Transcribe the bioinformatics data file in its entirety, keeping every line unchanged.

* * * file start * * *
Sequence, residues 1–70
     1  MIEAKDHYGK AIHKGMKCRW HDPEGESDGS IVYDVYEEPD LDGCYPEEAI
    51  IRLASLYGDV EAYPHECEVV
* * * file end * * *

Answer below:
Sequence, residues 1–70
     1  MIEAKDHYGK AIHKGMKCRW HDPEGESDGS IVYDVYEEPD LDGCYPEEAI
    51  IRLASLYGDV EAYPHECEVV